Today, its experience has been disseminated throughout Gomel region, which is demonstrating the best results in the country. Over the last five years, four state institutions for homeless children have closed, with two more soon to close. Out of 5,000 children, over 4,000 are now being brought up by foster and other families. A professional trade union has been formed, in addition to associations, and they have their own festivals and honours board. The greatest victory of recent years is the decision to close down the largest school for homeless children in Gomel region.
The school opened in 1963, housed in a pre-war building. It initially catered for about 140 children, with the number rising steadily. By the 1990s, it was overcrowded and, ten years ago, the authorities tried to solve the problem by moving it into a new building. It was hoped that 12 residential and household buildings, accommodating 350, would provide the necessary facilities, but it was not to be…
By the early 21st century, it was falling into ruin, trying to accommodate around 450 children in its tight space. Crowds of children would rush down the dark and narrow corridors. I recall seeing them peer through the iron grids of their balconies, strictly regulated by the rules of the school, with no exceptions.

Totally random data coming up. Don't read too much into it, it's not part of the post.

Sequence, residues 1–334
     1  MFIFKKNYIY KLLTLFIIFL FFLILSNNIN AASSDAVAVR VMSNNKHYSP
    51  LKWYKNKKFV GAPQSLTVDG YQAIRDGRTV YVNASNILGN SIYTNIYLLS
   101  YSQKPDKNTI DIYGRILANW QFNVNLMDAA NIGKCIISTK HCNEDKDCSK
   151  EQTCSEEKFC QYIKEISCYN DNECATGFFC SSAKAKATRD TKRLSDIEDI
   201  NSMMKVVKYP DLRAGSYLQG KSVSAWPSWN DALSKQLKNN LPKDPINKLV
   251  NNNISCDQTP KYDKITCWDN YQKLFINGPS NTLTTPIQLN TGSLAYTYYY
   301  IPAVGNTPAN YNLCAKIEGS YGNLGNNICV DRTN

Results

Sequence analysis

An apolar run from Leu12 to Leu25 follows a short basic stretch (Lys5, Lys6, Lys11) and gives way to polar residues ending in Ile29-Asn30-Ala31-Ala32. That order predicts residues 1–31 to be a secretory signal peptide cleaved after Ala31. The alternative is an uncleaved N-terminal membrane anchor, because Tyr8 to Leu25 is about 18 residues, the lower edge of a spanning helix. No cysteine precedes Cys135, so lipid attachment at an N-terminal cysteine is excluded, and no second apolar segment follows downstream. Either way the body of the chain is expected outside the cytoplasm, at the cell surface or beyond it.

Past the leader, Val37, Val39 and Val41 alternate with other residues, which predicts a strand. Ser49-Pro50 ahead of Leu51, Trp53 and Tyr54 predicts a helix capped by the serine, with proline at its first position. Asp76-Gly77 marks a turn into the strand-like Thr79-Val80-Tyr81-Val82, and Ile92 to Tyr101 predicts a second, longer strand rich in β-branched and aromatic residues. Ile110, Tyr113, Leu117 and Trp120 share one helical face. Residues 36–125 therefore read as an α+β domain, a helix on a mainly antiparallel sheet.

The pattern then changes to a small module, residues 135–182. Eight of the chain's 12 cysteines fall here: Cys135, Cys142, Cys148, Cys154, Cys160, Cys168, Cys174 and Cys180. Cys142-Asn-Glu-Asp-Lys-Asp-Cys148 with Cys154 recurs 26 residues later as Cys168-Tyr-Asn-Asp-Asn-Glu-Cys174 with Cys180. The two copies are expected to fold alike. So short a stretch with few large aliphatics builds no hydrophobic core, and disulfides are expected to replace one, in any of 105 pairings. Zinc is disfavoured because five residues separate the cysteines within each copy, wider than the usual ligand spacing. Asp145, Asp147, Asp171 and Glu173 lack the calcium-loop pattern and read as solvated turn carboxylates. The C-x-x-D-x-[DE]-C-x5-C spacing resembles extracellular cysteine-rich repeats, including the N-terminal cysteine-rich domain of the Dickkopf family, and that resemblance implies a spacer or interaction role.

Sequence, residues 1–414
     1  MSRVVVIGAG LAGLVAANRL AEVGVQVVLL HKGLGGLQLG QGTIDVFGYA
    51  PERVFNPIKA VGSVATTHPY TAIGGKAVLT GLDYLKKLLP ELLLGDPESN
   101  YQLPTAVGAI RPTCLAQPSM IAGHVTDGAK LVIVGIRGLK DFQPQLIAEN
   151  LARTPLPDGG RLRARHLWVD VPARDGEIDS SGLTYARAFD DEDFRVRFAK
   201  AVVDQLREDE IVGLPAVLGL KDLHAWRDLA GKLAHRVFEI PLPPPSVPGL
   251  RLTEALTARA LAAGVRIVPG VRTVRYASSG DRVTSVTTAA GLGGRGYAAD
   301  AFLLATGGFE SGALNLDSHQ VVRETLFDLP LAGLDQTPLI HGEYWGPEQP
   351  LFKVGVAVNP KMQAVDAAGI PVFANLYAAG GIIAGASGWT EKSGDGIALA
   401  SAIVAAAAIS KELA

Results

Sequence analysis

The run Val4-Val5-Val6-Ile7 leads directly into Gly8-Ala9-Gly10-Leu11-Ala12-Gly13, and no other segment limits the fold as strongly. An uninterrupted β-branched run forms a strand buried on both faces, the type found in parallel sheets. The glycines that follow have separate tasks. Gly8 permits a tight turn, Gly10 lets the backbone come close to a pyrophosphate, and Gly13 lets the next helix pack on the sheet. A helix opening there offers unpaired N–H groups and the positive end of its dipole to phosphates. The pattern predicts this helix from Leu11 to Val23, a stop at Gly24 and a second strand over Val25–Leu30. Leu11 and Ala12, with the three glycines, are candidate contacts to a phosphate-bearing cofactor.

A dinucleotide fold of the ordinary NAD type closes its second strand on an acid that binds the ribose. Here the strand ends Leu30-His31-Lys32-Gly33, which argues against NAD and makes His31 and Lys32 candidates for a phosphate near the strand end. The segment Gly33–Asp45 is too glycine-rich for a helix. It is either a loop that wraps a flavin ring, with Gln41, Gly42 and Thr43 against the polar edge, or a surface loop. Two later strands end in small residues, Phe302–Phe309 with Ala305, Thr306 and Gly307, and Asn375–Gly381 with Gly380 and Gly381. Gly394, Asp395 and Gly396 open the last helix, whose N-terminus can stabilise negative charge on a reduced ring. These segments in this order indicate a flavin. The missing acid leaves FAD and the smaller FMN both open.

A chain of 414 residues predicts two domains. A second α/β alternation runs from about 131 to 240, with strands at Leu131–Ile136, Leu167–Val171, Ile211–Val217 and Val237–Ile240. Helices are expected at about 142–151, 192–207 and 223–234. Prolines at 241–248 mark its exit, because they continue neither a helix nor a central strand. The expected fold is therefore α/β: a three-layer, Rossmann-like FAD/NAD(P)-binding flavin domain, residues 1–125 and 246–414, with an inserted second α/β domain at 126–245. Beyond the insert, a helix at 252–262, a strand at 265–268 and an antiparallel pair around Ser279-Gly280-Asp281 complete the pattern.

Today, just 66 pupils, aged 10-17, are resident. More than half will be finishing this year, entering secondary special and higher educational establishments. Eight children are being prepared for their chosen foster families. By the end of the summer, the remaining 20 children will also have new homes lined up for them. It’s crucial that no mistakes are made.
Family has been a state priority for some years, as well understood by the District Education Department. “We’re working hard to find children families and only leave them with the children’s house in Gomel as a last resort,” notes the Head of the boarding school, Yelena Barkova. “The balconies are unusually empty.”
“Are children at school or away recuperating?” I ask. “There aren’t any children here,” Ms. Barkova tells me. “It’s home to junior pupils for a short while longer but we haven’t received any small children for some time. Last year, the building was locked up; we’re using just 5 buildings out of 12.”
Alumni girls remove curtains from the windows of the empty room. Their next plans are to study. Sveta Mishura is entering the Architecture Department while Kristina Yeliseeva is to become a junior school teacher. “I have a little sister here but I’m not worried,” Kristina notes. “Our elder brother, who is now 22, will take her and is now filing for guardianship. On one hand, it’s somehow sad that the school is closing, since we’ve spent so many years here. On the other, it’s good…”
By Violetta Dralyuk
[b]Ten years ago, only incurable optimists would believe that state orphanages would close in Belarus due to lack of need. However, the incredible has happened[/b]In the early 1990s, after the collapse of the Soviet Union, its former republics had to determine their own path of development into unchartered territory. As ‘self-awareness’ peaked and enterprises closed, leaving people without jobs or salaries, orphanages founded during the Soviet years were flooded with children whose parents felt unable to care for them. These children may have been left to the mercy of fate by their parents but became a priority of state protection. Foster carers and teachers replaced their own dear family.